DECATUR, Ill. (DTN) -- My dog is depressed.
Lucy, the amazing golden retriever that shares my world, is generally a smile waiting to happen. She's a registered therapy animal and has a dance card with a waiting list that would make a beauty queen jealous.
Her world has changed over the past few weeks. We are not making visits to nursing homes and schools. We are not even taking our regular trips to Farm and Fleet to purchase dog treats -- not because she's a carrier or at risk for the most recent coronavirus, known as COVID-19 -- but because it is important that we are team players and stay home.
The recent closures to stop community spread of COVID-19 has caused some interesting reactions. I'm not here to judge because there are many situations and we all have our own thresholds.
I know a woman who is unable to visit her spouse in a nursing home. Yesterday, a man in the grocery checkout line asked me to pray for him, as he wasn't sure he'd survive the breaking of an eight-year streak attending St. Louis Cardinal baseball opening day. Another friend confessed to being slightly nervous about working from home, as he and his wife haven't spent this much time together since their honeymoon. However, the high school and colleges have now shut down, so the kids are coming home -- killing that moment.
There are concerns about how to keep a job rolling without adequate daycare. Who will feed children that get most of their nutrition while attending school? My own father oversees a senior citizen center, which will now carry meals to seniors, but have no social activities available -- which is important to many rural elderly.
The snowballing of missed opportunities and income is mind-boggling really. It has opened all our eyes to how much we rely, or crave, various services.
Think about it: Where will all those NCAA championship T-shirts be sold?
Some of us are old enough to remember when life wasn't quite so fluid. In fact, growing up on the farm, we seldom roamed far from our little place on earth. School, church and the monthly 4-H meeting were a big deal. We lived for summer and the county fair.
Instead, we visited nearby neighbors and hung out with grandparents when we needed company. We took hikes in the woods, played in the hay mow and rode horses or dirt bikes. When nighttime fell, there was one television and three television channels to share among the family -- gulp.
At the risk of sounding old, I started to wonder how to suggest to our children, grandchildren and others to endure this current round of sequestering based on what I remember.
First, it seems wise to consider what has changed and be thankful that we aren't truly isolated. Today, we almost all have a personal telephone instead of a party line. We almost all have unlimited minutes and media packages. There's texting, Facetime, Twitter, Facebook and all sorts of other direct or instant messaging and social media platforms.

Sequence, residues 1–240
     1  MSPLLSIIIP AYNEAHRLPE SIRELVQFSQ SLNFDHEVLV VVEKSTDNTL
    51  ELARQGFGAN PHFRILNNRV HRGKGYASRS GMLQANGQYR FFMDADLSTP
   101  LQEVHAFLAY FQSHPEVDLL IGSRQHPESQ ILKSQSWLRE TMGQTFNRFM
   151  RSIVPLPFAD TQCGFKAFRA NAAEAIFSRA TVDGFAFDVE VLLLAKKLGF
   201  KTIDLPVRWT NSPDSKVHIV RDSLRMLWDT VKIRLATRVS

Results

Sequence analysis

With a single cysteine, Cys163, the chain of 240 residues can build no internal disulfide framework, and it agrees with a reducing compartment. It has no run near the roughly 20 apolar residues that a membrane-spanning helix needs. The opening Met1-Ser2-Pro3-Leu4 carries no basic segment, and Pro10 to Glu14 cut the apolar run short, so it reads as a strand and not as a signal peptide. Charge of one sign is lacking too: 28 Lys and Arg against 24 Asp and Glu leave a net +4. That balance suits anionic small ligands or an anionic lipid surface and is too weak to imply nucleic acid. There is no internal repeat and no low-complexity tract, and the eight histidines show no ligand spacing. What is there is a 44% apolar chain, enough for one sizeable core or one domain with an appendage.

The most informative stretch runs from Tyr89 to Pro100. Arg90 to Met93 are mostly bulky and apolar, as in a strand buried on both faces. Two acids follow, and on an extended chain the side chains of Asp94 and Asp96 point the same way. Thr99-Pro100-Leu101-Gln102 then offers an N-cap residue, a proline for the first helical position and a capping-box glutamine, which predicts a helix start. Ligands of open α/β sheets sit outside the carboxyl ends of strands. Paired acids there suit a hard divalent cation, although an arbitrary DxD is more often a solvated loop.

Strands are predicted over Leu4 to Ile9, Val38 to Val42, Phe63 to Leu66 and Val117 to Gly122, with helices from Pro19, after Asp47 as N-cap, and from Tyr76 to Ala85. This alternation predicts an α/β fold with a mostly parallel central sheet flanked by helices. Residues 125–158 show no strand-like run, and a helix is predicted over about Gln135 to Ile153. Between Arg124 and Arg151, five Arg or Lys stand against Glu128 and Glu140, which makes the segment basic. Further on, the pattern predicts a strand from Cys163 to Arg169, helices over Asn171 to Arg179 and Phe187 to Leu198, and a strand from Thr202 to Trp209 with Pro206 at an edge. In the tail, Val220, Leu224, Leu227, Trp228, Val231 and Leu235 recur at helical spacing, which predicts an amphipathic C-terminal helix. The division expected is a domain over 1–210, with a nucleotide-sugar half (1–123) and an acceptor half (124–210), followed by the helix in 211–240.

While all this technology connects us, we also know it is no substitute for gathering when it comes to fighting loneliness and loss. The real challenge of this particular pandemic is that we can't just invite friends over or turn to escape in some of our favorite ways -- i.e., basketball, hockey, baseball, NASCAR, musical concerts, plays and Cirque du Soleil.
Farmers will soon be isolated for long hours in the cab, but in the meantime, here are some ideas to consider during this period of cancellations:
-- Check on elderly neighbors and ask how you can help. Elderly are most at risk from this virus. It is possible to drop care packages or supplies at their door without having an encounter.
-- Eating out is still in. Take-out tactics exist. If you don't want to eat in a restaurant, call and ask if you can carry out. Some local restaurants are offering to bring carryout orders to your car.
-- Don't forget about local suppliers and businesses. It's easy to online order, but we need to support local firms if we want them to survive.
-- Beach trip cancelled? Lay in a supply of sand and build your castle.
-- Candlelight is nice and doesn't require a power outage. Cook a favorite meal together and light up.
-- Mad about March Madness? Find the basketball and shoot some hoops. Start your own family brackets or just play HORSE.
-- Sad about spring training? Initiate a pickup game in the backyard.
-- Vacation vacated? Find a globe and take a virtual spin around the world.
-- Take a long drive to explore.
-- Read a book.
-- Start a new hobby. Paint-by-number is making a comeback.
-- Start a diary about this experience.
-- Ride your bicycle.
-- Start stargazing.
Mostly, we help others by seeing ourselves as a part of something bigger. Attitude is everything. Be joyful if you are healthy and kind to those who are compromised.
If all else fails, take a long walk with a good dog.
Let us know if you and your family find creative ways to cope during this current fog of uncertainty.
Pamela Smith can be reached at firstname.lastname@example.org
Follow her on Twitter @PamSmithDTN
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